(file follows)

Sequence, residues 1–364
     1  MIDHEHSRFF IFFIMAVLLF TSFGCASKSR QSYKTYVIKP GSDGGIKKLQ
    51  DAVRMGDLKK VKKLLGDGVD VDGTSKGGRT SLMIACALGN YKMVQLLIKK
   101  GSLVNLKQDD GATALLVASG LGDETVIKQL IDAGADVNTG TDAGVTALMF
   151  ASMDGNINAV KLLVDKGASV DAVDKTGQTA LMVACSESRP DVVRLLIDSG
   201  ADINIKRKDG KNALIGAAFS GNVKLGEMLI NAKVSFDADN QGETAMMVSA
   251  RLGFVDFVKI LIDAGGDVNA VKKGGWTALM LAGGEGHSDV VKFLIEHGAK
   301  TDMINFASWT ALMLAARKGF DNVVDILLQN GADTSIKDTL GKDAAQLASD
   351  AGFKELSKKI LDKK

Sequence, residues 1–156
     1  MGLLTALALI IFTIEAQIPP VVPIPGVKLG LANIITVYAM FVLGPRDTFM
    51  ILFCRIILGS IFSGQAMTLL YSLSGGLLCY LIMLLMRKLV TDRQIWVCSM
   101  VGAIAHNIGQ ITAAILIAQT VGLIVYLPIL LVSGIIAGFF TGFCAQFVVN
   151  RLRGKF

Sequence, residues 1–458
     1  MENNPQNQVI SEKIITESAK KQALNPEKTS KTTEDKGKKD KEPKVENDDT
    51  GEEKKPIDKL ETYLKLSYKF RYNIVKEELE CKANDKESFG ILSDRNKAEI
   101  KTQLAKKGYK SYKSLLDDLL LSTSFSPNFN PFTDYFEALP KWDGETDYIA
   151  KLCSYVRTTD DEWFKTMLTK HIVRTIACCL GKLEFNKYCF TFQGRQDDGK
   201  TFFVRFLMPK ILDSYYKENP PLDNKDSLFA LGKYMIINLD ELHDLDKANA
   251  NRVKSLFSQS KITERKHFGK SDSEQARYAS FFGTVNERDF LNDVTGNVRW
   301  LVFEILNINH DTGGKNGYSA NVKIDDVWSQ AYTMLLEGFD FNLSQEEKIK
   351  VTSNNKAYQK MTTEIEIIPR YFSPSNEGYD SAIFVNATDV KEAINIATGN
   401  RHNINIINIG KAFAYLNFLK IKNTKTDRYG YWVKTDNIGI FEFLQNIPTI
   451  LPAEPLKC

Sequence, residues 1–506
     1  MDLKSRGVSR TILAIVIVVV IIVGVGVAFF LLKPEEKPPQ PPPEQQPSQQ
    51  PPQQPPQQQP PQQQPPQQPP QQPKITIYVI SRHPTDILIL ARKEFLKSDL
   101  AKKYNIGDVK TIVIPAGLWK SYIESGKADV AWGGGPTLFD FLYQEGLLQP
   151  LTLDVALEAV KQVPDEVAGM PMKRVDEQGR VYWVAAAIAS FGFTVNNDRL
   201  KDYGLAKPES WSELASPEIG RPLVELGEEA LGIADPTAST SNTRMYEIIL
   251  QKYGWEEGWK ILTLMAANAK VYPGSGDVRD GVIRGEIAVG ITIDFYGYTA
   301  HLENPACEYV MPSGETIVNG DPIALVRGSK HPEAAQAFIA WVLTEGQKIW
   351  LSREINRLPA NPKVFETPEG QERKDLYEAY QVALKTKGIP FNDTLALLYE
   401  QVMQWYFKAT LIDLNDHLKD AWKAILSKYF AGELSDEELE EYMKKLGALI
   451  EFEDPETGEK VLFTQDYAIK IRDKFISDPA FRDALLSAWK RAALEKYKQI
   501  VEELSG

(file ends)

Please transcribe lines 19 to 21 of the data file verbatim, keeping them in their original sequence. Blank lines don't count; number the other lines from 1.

   151  KLCSYVRTTD DEWFKTMLTK HIVRTIACCL GKLEFNKYCF TFQGRQDDGK
   201  TFFVRFLMPK ILDSYYKENP PLDNKDSLFA LGKYMIINLD ELHDLDKANA
   251  NRVKSLFSQS KITERKHFGK SDSEQARYAS FFGTVNERDF LNDVTGNVRW